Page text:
New York City lawmakers voted Tuesday on budget changes that shifted $1 billion from the New York Police Department to programs that assist in youth and community development, a number that fell short of what many protesters in the city have demanded.
The City Council said in a statement that the city’s 2021 budget will include $837 million in cuts and transfers to the New York Police Department (NYPD) expense budget, which removes $1 billion from the NYPD’s spending when combined with associated costs.
The amount was far less than what some protesters demanded. Rep. Alexandria Ocasio-Cortez, D-N.Y., said earlier that $1.5 billion in cuts would not be enough.
“Defunding police means defunding police. It does not mean budget tricks or funny math,” she said. One Twitter user wrote, “This is like putting the NYPD budget in Groucho Marx glasses and calling it a day.”
Corey Johnson, the city council speaker, said, “The Council fought hard to get where we are, but I know this is just a starting point, not an ending point. We need to go farther.”
He added the budget agreement “was negotiated with a focus on police reform, youth services, and achieving equity, particularly for low-income communities of color.”
New York City Council Minority Whip Joseph Borelli voted no against the budget cuts and said, “know what we’re doing will create a more violent city.”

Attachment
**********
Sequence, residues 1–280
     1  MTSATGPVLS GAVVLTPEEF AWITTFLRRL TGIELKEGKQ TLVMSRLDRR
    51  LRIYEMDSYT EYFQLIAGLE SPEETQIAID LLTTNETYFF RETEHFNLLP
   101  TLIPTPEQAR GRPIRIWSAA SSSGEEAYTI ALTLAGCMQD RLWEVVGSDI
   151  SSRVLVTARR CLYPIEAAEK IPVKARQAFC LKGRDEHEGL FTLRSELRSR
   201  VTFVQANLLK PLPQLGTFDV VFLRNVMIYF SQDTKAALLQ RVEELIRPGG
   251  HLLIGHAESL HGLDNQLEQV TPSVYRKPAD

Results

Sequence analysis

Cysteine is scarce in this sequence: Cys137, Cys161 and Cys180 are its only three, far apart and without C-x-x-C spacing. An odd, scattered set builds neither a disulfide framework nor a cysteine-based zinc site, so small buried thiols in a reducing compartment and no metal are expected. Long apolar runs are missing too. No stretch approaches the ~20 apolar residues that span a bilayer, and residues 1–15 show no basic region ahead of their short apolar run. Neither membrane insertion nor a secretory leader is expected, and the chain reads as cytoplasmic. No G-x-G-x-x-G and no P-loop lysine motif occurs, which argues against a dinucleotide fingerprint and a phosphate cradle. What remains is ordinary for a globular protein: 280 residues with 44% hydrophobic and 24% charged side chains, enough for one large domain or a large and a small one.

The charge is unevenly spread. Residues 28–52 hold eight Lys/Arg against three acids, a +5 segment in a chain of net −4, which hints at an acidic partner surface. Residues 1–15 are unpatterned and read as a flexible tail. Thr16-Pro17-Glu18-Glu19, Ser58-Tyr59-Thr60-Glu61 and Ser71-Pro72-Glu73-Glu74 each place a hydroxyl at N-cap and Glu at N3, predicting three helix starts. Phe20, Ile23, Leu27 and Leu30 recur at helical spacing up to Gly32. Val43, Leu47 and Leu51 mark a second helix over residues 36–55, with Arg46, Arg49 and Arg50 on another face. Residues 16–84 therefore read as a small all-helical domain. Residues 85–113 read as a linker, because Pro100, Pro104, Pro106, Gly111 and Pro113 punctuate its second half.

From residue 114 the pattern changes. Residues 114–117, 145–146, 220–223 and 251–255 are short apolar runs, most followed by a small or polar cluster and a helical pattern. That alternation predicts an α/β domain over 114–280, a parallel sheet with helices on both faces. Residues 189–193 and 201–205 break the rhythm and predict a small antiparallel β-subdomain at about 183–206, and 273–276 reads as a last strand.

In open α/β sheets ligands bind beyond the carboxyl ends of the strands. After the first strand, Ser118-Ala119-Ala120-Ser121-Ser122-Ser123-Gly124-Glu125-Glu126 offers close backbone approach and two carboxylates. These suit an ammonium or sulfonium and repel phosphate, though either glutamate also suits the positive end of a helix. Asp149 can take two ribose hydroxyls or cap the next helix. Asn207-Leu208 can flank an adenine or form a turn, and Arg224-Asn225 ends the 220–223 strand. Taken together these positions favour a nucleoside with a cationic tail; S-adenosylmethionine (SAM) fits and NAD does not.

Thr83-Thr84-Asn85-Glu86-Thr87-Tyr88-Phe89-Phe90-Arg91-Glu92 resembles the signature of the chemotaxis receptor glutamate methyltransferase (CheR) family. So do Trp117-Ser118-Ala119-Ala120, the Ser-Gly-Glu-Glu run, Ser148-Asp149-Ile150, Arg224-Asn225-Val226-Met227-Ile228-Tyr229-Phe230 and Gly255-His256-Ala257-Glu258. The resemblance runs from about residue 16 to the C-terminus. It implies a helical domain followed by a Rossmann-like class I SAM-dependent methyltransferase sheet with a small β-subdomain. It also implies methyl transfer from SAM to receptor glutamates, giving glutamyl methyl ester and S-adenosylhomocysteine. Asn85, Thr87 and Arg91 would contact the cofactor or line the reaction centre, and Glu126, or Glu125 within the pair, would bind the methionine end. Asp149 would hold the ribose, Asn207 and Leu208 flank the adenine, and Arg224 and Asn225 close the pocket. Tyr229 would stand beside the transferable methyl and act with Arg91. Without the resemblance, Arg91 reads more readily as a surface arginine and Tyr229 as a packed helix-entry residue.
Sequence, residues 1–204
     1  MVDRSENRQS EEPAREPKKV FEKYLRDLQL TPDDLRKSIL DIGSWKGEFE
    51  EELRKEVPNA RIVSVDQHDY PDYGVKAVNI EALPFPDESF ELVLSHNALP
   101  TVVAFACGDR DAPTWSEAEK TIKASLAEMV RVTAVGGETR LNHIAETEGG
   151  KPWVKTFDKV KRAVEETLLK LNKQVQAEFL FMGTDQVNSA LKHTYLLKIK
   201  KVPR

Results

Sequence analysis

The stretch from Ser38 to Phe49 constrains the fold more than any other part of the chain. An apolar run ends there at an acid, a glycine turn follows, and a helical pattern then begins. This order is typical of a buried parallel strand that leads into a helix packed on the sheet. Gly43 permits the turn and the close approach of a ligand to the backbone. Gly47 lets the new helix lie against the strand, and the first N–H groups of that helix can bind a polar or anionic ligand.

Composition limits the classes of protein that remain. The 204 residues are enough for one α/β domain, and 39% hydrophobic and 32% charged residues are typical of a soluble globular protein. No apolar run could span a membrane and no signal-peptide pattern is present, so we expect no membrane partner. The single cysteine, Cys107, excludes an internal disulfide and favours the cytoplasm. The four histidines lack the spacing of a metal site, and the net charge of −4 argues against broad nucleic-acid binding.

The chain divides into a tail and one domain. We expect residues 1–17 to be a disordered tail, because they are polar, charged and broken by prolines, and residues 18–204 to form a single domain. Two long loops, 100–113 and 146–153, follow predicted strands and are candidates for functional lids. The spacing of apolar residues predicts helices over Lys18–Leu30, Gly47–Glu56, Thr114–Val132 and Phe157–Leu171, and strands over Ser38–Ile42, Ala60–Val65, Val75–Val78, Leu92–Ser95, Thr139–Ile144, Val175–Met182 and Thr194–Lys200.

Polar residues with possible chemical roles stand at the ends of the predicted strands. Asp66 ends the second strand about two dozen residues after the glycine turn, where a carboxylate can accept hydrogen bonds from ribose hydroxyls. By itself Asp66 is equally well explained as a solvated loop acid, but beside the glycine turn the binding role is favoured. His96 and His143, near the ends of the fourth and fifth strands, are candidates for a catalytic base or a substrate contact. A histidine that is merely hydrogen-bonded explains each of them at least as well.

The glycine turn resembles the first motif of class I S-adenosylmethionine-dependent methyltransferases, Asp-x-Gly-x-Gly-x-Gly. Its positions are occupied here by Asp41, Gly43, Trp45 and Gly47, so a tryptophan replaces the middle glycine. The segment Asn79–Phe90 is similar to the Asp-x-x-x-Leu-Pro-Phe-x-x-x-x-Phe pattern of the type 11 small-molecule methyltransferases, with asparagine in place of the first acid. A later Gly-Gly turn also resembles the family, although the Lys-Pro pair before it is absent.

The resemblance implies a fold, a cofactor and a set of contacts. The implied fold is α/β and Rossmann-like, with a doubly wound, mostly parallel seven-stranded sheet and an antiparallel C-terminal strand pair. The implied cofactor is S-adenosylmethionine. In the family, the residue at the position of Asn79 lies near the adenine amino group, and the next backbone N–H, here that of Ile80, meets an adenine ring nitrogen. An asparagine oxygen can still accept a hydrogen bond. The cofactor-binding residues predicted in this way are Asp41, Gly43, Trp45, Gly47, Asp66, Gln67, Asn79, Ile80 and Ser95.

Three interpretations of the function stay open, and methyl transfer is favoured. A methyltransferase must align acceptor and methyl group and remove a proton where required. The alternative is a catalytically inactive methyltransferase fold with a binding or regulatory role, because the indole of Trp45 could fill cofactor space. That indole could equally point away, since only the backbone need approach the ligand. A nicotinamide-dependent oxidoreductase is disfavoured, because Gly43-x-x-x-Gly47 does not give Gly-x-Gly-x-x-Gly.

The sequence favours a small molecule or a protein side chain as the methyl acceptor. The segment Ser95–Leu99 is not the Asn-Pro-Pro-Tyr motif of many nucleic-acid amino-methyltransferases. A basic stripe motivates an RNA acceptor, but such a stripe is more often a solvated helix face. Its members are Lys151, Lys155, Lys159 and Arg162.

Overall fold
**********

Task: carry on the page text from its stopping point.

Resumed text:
Borelli added that there were “72 shootings last week alone, and not one shot by [a] NYPD officer.”
“We must always have safety and we will in this city, but we are also going to amplify both safety and fairness by reaching our young people more deeply than ever before,” Mayor Bill de Blasio said speaking from a press conference Tuesday. “And that’s what this budget is all about.”
Many demonstrators feel the budget changes weren’t enough, and some plan on staying camped outside City Hall indefinitely.
“We are being gaslit,” said activist Jawanza James Williams. “This movement is about so much more than the $1 billion, and this means they don’t understand what we’re saying.”
City lawmakers agreed to shift the funds away from the NYPD, but police reform activists are worried these funds will be moved around in a manner that still benefits the police department.
“To the thousands of New Yorkers who so admirably fought for budget justice over the past several weeks: we heard you and we stand with you,” Johnson said Tuesday. “We recognize that the City must move away from failed racist policing policies of the past.”